These are thoughts that I have been dwelling on for many months now. Then Max Andrews told me that he was going to say it (and he did), so I was happy to offer a brief comment in support of what he was saying. And now I’m going to say it too. Don’t get a degree in apologetics. You shouldn’t do it. Could I be wrong about that? Absolutely, but at this point I’ll need to be persuaded of that. Getting an apologetics degree appears to be something of a new development in Evangelical academia, one that is being embraced with zeal, particularly in the United States. That fact alone means that even if I am dead wrong, it is only healthy that there be a good strong push back against this for the young and enthusiastic to consider before they commit to something like that. But I don’t think I am dead wrong at all.

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Tom Wright and James White on Paul and Justification

Back on the 9th of February 2013, Tom Wright and James White discussed / debated the issue of justification in the writings of St Paul on the Unbelievable? Radio show, hosted by Justin Brierley. The discussion was titled What did St Paul Really Say? Thanks to the efforts of my friend Roy Soliman who transcribed this, the transcript of that discussion is now available here at Right Reason.

The transcript is in the articles section.

And you can listen to the episode over at Unbelievable?

Enjoy!

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Texas in July 2014

In July 2014 I’ll be flying to Houston, Texas, for the first Rethinking Hell conference. I will also be speaking to a class at Trinity School of Theology about theological anthropology and Christology (specifically, how a materialist theological anthropology might work and in hand with orthodox Christology), and in a second public event I will be giving a public lecture at Houston Baptist University on an as-yet unannounced topic related to religion in the public square. (I’ve only put the public events on the picture above.) I’m very excited about this trip and would love to meet you if you’re in the area.

But if you’re not able to be at either of these events (or even if you are), there is room for more! If you’re in the Houston area and you are interested in having me come and speak to a group where you are (or even if you’re not in Houston but you are interested), drop me a line! I realise that many colleges are on holiday during the time I will be there, but the dates that are best are the 8th or 9th of July in Houston, or if you’re further afield (especially California, as I will be going to Houston either via LA or San Francisco) we can talk about when would suit.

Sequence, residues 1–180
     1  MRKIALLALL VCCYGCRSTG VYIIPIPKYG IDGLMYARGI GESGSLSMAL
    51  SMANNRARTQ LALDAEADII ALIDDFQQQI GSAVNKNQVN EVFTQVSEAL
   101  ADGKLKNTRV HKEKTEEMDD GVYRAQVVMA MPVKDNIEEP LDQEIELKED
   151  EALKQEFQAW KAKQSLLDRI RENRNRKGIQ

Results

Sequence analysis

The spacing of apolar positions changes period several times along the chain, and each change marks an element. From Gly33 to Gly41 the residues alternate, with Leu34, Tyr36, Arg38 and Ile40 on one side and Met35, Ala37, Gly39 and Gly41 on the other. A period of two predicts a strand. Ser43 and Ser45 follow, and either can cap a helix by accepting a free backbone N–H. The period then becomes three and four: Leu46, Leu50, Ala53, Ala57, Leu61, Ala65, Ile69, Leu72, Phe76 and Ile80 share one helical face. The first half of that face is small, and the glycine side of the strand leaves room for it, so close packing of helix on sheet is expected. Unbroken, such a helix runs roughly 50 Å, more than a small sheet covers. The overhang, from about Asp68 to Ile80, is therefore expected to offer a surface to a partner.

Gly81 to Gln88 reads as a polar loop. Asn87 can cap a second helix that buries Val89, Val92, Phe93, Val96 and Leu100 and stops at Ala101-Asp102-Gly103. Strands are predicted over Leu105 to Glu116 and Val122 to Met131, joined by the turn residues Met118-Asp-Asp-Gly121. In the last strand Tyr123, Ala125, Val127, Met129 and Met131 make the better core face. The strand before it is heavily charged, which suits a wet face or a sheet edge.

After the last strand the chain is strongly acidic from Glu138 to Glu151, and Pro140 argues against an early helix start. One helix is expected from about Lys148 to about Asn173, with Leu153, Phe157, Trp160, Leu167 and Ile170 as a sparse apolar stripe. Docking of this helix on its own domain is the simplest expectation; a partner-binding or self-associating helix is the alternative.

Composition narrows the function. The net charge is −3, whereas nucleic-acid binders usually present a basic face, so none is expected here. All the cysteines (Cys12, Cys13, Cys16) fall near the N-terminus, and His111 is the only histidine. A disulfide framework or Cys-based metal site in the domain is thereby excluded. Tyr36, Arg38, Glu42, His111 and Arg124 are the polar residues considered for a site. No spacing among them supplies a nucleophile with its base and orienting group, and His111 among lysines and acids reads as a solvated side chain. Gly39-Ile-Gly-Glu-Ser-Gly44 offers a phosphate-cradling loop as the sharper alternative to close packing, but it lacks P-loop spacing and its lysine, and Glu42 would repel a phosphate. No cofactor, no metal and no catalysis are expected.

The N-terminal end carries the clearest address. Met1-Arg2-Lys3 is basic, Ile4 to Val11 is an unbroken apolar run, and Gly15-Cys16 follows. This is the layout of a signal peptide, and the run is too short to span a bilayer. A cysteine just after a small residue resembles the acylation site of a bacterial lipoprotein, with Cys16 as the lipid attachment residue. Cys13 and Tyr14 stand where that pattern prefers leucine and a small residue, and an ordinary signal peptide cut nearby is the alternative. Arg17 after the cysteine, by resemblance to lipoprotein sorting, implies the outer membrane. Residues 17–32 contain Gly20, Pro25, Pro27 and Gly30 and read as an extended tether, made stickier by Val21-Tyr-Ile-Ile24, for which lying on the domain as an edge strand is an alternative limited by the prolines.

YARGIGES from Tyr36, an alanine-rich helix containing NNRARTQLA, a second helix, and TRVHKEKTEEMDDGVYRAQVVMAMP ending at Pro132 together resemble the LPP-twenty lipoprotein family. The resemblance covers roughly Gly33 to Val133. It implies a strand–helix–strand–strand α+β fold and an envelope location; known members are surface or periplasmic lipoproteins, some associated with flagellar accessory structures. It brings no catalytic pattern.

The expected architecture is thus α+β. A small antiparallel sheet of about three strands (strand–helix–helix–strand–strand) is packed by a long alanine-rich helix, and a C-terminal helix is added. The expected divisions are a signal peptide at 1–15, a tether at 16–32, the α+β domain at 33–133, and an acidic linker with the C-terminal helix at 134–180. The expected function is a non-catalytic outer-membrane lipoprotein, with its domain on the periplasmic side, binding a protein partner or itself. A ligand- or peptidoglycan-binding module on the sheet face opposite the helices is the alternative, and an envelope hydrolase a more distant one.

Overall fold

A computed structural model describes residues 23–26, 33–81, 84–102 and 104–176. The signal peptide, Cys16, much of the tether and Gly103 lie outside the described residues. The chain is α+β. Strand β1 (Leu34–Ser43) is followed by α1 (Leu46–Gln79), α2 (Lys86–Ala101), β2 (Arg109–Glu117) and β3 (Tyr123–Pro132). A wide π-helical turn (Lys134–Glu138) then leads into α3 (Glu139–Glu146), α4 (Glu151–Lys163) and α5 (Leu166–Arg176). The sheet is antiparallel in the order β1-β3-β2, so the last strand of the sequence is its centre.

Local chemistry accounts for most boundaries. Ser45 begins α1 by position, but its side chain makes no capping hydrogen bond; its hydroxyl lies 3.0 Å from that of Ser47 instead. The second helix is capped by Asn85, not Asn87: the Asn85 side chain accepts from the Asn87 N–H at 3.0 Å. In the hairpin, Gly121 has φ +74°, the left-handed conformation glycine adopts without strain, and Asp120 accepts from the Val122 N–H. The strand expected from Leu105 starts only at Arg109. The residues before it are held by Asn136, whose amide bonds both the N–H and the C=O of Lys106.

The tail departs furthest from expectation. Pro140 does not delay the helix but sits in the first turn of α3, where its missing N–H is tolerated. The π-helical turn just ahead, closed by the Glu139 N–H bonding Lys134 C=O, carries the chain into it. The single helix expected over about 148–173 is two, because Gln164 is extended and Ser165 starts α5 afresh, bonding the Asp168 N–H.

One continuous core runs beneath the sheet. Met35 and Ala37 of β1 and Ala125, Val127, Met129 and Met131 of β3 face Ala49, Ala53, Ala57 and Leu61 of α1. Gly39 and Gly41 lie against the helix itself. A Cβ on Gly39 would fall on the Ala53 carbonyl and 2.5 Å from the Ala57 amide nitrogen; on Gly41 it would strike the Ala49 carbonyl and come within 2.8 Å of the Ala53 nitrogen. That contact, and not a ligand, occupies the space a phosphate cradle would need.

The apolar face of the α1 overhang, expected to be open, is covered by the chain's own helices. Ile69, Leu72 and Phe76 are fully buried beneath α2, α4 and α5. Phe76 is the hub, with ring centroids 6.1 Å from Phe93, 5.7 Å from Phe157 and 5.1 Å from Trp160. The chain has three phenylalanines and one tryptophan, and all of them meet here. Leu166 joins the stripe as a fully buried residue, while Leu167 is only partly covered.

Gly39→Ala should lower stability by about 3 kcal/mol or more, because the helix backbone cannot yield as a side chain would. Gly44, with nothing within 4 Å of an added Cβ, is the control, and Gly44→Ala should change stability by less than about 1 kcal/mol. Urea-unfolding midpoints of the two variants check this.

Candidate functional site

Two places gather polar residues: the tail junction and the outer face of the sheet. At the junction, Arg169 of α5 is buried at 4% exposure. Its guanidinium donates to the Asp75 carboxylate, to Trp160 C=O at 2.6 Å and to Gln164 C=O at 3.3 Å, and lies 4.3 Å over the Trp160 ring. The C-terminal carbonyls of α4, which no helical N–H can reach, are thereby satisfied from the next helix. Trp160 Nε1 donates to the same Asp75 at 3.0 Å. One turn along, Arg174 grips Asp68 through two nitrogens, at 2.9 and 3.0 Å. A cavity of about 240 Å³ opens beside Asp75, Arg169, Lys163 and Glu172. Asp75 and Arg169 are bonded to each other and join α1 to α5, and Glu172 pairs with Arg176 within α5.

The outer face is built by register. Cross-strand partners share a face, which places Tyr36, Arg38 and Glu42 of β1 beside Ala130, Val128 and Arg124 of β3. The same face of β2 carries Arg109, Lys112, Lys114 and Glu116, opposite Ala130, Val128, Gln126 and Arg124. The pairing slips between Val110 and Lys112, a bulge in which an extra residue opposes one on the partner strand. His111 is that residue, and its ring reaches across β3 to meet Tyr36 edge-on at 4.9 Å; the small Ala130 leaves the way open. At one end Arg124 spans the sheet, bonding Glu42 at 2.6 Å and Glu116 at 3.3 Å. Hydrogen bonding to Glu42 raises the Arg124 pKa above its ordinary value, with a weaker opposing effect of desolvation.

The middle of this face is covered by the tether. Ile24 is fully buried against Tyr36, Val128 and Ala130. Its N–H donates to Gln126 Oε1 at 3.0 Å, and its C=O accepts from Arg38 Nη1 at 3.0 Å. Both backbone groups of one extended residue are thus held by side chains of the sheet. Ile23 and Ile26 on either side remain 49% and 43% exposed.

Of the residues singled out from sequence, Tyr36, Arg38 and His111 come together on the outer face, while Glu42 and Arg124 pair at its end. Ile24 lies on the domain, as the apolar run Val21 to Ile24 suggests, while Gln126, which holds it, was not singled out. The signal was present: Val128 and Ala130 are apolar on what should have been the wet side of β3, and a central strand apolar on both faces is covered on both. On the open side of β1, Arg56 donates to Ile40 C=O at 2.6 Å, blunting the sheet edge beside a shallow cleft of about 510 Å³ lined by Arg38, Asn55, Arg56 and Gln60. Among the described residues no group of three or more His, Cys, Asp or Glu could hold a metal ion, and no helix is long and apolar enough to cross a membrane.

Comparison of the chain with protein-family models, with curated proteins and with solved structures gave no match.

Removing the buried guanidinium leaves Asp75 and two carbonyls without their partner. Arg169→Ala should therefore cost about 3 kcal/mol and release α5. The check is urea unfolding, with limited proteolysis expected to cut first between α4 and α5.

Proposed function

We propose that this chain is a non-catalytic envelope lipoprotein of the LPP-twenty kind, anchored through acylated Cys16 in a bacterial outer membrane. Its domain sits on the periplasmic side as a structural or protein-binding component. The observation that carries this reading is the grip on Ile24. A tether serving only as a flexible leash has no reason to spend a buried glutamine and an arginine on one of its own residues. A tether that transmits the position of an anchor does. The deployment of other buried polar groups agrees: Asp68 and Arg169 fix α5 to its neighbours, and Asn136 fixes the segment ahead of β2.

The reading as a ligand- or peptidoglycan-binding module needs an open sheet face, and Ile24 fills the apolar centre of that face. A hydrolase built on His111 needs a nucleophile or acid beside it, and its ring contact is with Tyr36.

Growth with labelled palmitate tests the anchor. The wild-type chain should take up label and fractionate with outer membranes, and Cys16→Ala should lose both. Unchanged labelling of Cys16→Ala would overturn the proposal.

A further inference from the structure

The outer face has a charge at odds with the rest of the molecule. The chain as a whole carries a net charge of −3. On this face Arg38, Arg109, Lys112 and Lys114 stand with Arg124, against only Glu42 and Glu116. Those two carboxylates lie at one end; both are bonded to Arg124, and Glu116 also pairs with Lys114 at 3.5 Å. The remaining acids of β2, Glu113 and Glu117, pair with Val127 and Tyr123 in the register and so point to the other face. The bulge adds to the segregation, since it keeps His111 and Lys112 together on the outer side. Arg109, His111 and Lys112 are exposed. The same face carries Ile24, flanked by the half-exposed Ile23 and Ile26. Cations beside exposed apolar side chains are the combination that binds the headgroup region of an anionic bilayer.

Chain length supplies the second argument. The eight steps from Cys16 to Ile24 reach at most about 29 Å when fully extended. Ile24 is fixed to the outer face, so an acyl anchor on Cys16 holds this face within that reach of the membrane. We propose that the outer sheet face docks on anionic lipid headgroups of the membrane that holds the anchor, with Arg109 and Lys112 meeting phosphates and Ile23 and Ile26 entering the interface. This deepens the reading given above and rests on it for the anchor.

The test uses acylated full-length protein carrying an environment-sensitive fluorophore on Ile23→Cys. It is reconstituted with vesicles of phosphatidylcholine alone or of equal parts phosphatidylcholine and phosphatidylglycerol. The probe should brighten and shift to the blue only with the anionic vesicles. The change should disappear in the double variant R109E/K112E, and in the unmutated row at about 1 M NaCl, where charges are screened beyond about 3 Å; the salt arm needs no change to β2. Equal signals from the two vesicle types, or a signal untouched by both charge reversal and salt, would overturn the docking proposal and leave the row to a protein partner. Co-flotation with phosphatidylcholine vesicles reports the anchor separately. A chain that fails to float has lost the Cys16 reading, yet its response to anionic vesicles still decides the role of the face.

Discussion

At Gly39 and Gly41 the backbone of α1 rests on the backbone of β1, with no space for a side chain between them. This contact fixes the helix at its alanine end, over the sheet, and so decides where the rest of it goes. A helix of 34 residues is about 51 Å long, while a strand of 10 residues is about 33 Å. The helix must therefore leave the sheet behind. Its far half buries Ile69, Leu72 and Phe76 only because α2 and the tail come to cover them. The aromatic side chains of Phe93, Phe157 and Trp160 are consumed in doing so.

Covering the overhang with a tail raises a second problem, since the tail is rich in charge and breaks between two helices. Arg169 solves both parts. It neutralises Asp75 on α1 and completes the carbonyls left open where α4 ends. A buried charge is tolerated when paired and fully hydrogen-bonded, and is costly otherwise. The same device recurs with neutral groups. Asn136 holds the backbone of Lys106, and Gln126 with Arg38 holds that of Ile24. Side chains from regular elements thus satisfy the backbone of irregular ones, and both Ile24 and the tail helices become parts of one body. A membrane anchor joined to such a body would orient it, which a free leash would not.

Glenn Peoples

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Book Review: The End of Apologetics

Myron Bradley Penner, The End of Apologetics: Christian Witness in a Postmodern Context (Grand Rapids: Baker Academic, 2013) (Follow this link to get the book in electronic format from Logos.)

Full disclosure: I do not publicly label myself an “apologist.” However, in some ways that’s what I am just by virtue of many of the things that I do and say, and there are others who refer to me that way. At times I defend the truth claims of Christianity against criticisms, and at times I offer reasons for thinking that those claims are true. That is what “apologetics” means here. I have my share of problems with the “apologetics culture,” if I can speak of any such thing. But I appreciate the fact that I can separate apologetics per se from the various cultural forms in which it is expressed.

Myron Penner quite openly does not have this appreciation, or indeed much regard at all for the practice of Christian apologetics. What follows is my review of his book where he explains himself. The review is not exhaustive, so there may well be times where somebody reading this review might note “but you didn’t note that Penner says….” I probably did not. But I have read it, and if I didn’t mention it here it’s because I think that what I do say here takes it into account.